Snow Sport Experiment
- Block Toy(s)
- Small Toy Car(s) (Matchbox or Hot Wheels)
- Stiff Clipboards (Plastic, Cardboard, Metal)
- Cutting Board(s) (Plastic, Wood)
- Bendable Cardboard
- Any Book(s)
- Postal Scale
Make an artificial slope with the clipboard, cutting board, and/or cardboard, by setting one end up on book(s) and the other end on a table or desk. Use a protractor to estimate the angle, if the surface is not curved. Weigh each of the toys, and compare surface area of contact with the slope. One by one, send the toys down the slope, and watch the projectile motion. Watch the block and/or toys fall off the edge of the desk, onto a mat or carpet to avoid damage to the toys or floor. Compare performance of several objects under several conditions.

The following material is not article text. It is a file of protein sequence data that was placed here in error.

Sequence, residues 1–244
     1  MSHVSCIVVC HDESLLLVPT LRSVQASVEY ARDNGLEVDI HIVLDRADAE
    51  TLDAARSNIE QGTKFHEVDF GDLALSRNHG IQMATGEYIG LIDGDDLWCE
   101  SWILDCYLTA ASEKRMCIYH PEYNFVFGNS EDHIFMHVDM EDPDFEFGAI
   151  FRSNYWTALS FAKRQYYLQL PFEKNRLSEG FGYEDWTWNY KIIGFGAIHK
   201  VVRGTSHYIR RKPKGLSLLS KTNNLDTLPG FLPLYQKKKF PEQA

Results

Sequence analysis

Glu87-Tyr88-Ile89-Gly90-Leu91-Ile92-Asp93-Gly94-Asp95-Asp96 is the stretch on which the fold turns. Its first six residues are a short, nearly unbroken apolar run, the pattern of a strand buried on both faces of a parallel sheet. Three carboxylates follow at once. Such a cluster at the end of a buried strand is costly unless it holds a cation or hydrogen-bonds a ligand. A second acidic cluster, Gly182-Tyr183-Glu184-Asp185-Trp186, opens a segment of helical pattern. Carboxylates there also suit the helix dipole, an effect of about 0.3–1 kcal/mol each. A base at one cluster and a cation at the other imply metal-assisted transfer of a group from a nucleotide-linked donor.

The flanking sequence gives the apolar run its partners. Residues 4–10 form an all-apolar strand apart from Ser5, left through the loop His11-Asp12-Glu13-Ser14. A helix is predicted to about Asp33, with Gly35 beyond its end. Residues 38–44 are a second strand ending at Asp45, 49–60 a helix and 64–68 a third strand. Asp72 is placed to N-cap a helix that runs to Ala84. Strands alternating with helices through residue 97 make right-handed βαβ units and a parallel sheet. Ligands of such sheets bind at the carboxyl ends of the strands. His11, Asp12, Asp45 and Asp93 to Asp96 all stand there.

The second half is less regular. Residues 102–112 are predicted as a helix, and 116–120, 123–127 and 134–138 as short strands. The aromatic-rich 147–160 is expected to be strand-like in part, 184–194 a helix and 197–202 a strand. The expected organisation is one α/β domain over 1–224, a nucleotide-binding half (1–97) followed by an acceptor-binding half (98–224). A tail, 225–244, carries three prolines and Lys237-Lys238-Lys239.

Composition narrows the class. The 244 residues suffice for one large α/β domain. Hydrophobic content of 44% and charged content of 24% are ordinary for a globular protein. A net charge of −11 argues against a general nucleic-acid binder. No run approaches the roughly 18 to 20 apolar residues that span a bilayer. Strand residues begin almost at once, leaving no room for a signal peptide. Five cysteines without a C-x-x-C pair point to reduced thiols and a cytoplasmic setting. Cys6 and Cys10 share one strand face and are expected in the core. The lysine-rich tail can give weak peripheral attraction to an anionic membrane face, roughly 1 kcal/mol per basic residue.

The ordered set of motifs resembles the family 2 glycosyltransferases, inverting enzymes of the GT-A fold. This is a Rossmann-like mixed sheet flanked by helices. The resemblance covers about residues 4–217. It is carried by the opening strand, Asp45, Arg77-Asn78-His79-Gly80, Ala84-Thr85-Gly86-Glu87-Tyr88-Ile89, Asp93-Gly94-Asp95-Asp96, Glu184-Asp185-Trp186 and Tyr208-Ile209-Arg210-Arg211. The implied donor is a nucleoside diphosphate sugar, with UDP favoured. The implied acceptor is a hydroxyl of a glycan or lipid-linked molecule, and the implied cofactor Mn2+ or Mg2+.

- Describe the following in words:
- How do the trajectories (position, velocity, & acceleration) of the objects compare?
- How do wheels affect the trajectory (as opposed to a flat block surface)?
- How does mass affect the trajectory?
- How does surface area affect trajectory?
- Compare the results above with graphs and data from The Science of Snow Sports.
- Do any of the objects have similar properties?
- Do any of the surfaces have similar properties?
- Do any of the trajectories resemble a graph from the book series?
- Compare the results above with data and videos from real snow sports.
- How are real snow sport events similar?
- How are real snow sport events different?